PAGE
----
I felt privileged to be asked to be part of the trailblazer group who as a team developed the health care play specialist higher level apprenticeship. We met as a group of 10 NHS Managers/Senior Play Specialists representing several different NHS employers and organisations across the UK. I represented my own NHS Trust as well as the play specialist profession. During meetings and workshops in both London and Leeds the trailblazer group brought together the required information to submit an application for the higher apprenticeship training. I worked with the trailblazer group to develop the framework and application to submit to the Institute for apprenticeships (IFA). I used my individual skills, knowledge, and experience as an advanced play practitioner, sharing my ideas, opinions, and experience with the group. The application process itself involved writing the occupational standards, occupational duties as well as the knowledge, skills and behaviours required for a health play specialist higher apprenticeship course.
I had to work in a completely new and different way which made me think in detail about my role over the years as a play specialist, my own professional experiences and ways in which I can impart my newly acquired knowledge and experience to others. As part of a collaborative working party we were successful in our higher apprenticeship submission. Working in a collaborative manner with a range of professionals across the UK has made me reflect on my own knowledge and skills and how I could improve on how I share my knowledge and experiences with others. I had to understand the process of how to apply for an apprenticeship and meet the requirements for the application process, a completely new challenge for me and an area I had little knowledge of. I took responsibility to read around the subject of apprenticeships to gain a greater understanding of the process required and gained new knowledge from sharing ideas and information with my peers. I had to promote play to a standard that is recognised at a national level and discuss and explain the profession to those who had no understanding of the role of the play specialist. It made me analyse my teaching skills and abilities on sharing information particularly when disseminating new information about the apprenticeship to others, for example the Trust apprenticeship lead, education manager and other play staff. I had to help individuals and groups understand the changes, address any concerns they may have and discuss the benefits of the new course and how it could benefit the Trust I work in.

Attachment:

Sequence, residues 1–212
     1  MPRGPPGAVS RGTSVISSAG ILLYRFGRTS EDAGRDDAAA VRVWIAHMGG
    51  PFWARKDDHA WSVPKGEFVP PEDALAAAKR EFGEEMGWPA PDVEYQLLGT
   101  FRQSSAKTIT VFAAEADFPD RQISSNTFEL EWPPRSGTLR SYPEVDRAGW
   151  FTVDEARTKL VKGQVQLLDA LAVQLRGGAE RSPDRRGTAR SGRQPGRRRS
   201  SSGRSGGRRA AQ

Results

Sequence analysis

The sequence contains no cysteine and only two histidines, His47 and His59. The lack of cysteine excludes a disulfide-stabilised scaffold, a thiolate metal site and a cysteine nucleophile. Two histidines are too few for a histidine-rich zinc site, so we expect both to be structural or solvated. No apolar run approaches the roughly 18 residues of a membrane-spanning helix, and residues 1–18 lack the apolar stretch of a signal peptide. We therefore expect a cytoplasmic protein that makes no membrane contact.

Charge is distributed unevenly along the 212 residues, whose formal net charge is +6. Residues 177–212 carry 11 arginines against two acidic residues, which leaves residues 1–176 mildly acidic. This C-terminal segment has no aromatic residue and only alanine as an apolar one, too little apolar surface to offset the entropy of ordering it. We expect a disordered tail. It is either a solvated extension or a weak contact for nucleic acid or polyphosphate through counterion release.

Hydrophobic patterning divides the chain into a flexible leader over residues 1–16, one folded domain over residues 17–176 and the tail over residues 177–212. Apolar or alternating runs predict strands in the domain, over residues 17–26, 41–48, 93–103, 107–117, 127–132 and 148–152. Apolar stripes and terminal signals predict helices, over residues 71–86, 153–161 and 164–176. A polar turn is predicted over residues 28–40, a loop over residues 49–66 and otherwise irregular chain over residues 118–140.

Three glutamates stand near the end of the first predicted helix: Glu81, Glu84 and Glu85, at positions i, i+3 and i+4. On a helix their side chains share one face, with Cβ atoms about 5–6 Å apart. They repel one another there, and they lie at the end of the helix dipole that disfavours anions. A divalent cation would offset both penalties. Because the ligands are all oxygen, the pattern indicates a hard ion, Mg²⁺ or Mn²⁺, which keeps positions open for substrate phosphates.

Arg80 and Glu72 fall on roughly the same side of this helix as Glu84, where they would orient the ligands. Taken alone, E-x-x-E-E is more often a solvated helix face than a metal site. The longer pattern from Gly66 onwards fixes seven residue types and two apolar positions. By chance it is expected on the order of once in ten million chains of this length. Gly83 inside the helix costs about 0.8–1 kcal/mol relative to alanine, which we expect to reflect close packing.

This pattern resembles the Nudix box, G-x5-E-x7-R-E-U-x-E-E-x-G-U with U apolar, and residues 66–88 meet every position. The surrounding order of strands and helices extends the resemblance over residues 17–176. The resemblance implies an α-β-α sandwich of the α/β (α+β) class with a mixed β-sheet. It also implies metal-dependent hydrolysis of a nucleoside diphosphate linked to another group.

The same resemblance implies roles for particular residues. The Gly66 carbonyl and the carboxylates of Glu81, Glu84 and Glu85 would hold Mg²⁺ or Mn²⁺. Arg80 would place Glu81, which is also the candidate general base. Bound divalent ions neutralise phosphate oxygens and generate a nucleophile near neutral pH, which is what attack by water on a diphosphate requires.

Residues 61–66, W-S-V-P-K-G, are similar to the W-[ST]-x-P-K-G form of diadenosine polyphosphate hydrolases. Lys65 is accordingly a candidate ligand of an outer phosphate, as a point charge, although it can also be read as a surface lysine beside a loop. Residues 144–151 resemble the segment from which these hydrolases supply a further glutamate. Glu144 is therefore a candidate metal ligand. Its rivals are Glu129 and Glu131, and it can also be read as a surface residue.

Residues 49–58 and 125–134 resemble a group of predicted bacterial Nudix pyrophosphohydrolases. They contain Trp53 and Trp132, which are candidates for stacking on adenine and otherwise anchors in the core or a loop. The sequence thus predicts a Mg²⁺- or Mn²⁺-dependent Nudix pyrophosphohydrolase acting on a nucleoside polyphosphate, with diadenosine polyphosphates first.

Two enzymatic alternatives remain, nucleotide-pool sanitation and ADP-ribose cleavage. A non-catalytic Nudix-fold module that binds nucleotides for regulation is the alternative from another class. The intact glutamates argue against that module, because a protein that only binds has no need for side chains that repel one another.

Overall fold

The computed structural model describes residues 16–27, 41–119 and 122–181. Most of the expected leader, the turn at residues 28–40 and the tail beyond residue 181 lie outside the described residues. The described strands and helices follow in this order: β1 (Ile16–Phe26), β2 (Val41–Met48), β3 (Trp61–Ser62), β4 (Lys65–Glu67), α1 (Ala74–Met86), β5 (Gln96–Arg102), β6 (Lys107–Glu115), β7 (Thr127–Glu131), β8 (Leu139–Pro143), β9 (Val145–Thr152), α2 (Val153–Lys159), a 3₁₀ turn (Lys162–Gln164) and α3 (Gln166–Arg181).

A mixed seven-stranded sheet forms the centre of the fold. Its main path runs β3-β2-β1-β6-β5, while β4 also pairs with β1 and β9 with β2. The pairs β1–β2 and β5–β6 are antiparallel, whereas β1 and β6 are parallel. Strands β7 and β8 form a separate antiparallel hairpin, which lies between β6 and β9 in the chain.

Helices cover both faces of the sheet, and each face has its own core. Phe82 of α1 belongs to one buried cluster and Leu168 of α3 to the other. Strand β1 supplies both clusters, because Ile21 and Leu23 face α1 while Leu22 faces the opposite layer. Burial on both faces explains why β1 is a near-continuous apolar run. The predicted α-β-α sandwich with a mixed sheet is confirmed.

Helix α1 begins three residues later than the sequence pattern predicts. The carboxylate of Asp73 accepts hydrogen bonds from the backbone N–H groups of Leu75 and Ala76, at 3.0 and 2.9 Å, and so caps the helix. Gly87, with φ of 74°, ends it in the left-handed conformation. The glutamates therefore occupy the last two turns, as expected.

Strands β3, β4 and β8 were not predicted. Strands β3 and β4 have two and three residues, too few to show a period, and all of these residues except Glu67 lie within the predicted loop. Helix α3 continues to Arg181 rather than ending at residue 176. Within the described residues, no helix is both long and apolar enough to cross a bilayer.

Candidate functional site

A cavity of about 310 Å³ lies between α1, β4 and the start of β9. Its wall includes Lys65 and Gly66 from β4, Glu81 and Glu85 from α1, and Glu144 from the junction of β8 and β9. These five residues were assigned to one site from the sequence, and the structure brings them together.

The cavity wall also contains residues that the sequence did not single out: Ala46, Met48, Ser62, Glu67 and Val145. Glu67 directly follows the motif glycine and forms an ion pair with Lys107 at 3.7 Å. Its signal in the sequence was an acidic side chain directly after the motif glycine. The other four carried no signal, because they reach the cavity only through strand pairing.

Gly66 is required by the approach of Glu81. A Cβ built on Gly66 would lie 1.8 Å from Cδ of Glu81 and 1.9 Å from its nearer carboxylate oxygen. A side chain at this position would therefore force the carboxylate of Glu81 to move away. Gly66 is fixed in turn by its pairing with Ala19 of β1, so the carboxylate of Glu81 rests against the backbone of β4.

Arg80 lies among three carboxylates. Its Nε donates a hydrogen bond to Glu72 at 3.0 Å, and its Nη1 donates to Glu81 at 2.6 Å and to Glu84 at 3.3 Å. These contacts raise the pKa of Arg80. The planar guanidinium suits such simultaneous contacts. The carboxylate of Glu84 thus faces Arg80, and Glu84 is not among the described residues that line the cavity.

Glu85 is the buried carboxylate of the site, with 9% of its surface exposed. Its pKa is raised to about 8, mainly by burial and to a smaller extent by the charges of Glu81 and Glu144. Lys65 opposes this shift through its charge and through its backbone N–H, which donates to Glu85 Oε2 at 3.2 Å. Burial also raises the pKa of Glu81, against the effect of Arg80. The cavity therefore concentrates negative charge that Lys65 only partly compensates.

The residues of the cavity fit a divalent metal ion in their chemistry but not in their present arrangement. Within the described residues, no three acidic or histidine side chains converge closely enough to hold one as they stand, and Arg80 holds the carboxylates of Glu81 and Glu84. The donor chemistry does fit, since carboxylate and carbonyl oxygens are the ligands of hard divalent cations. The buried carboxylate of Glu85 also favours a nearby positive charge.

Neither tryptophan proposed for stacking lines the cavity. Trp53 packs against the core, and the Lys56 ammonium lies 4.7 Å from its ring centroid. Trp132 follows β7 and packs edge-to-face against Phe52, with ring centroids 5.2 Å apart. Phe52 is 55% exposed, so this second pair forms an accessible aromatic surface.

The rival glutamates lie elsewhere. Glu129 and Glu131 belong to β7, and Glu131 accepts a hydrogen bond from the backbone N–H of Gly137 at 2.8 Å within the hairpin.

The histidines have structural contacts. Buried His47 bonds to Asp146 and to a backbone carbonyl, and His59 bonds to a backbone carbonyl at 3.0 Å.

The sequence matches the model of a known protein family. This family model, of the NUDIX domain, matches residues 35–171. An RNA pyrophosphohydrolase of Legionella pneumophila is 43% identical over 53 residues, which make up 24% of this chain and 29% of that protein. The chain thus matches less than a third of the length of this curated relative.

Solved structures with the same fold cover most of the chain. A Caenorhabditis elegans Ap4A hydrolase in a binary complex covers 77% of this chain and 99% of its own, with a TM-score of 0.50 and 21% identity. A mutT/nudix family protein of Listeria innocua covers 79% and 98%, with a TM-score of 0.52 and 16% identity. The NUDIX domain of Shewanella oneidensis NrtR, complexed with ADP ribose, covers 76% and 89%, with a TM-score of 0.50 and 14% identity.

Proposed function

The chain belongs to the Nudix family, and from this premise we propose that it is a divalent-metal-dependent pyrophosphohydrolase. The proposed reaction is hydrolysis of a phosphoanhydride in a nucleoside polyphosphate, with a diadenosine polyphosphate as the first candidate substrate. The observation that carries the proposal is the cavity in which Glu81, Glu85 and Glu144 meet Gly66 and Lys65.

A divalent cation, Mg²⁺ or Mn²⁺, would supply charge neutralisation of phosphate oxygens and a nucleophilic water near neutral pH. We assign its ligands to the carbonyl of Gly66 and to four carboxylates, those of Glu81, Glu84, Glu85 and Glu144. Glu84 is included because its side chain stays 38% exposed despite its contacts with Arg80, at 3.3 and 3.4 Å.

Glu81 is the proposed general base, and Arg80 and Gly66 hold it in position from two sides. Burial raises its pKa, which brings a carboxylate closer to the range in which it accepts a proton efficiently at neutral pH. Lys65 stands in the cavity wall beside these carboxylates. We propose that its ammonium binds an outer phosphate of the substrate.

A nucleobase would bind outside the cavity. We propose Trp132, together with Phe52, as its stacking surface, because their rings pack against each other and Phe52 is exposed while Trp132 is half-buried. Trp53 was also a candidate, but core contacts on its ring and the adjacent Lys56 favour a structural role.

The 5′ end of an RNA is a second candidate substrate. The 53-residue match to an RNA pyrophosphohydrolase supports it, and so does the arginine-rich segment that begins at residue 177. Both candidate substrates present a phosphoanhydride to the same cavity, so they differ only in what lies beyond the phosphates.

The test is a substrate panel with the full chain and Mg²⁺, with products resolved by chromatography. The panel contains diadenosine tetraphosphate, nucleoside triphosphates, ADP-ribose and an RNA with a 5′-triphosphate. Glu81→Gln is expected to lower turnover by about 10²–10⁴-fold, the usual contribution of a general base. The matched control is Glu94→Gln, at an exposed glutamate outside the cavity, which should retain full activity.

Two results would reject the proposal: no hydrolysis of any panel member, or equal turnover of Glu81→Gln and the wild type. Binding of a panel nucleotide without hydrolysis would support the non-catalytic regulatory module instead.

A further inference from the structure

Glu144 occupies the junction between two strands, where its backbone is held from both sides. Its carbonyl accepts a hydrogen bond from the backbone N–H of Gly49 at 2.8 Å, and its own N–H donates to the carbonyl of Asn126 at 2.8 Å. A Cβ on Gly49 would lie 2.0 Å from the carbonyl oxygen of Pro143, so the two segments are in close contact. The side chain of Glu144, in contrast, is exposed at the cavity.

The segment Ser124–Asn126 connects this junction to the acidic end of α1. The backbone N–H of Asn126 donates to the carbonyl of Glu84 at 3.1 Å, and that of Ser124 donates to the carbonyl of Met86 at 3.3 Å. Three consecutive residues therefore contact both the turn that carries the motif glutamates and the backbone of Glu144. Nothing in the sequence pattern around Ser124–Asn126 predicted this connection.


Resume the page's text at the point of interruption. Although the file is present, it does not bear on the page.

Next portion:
As a continuing part of my learning I reflected on the Health Play Specialists Code of Professional Conduct for registered practitioners on sharing professional insights and observations and standards of practice for working collaboratively with other professionals and organisations (3.6, 5.3). I also reviewed the health play specialist standards for working appropriately with others (standard 9), as I have a responsibility to ensure that I am always continually working to deliver a safe and effective practice. I also had to understand my own organisations guidelines and policies relating to apprenticeships. Reflecting on my understating and the theory behind the apprenticeship application process I utilised the Institute for Apprenticeships website regularly (see below) to ensure I was familiar with what was required and the most up to date information. Using this website I was also able to review other approved apprenticeship courses which gave me a better understanding of what was required and made me reflect on what I felt I would want the play specialist apprentice to have achieved at the end of their course to be ready for a substantive play specialist post. I also regularly met with my Trust education manager and Apprentice Lead to ensure I had appropriate knowledge and understanding of the requirements for apprenticeship training at a local level. I gained a whole new level of information and experience from being part of the trailblazer group.
The working group had an excellent ethos for collaborative working and a shared interest in setting high standards for the play specialist apprenticeship training. It was an enlightening experience having conversations with those in my team and other staff who did not fully understanding the changes occurring in the play specialist training. I recognised as a professional lead and advanced practitioner in play that I had a responsibility to share my knowledge and skills and experience in a more global way drawing on my leadership skills. I was also able to support a play worker develop her training and education as part of their move towards applying for the apprenticeship training. I was able to help the individual understand more about apprenticeships and support her application process.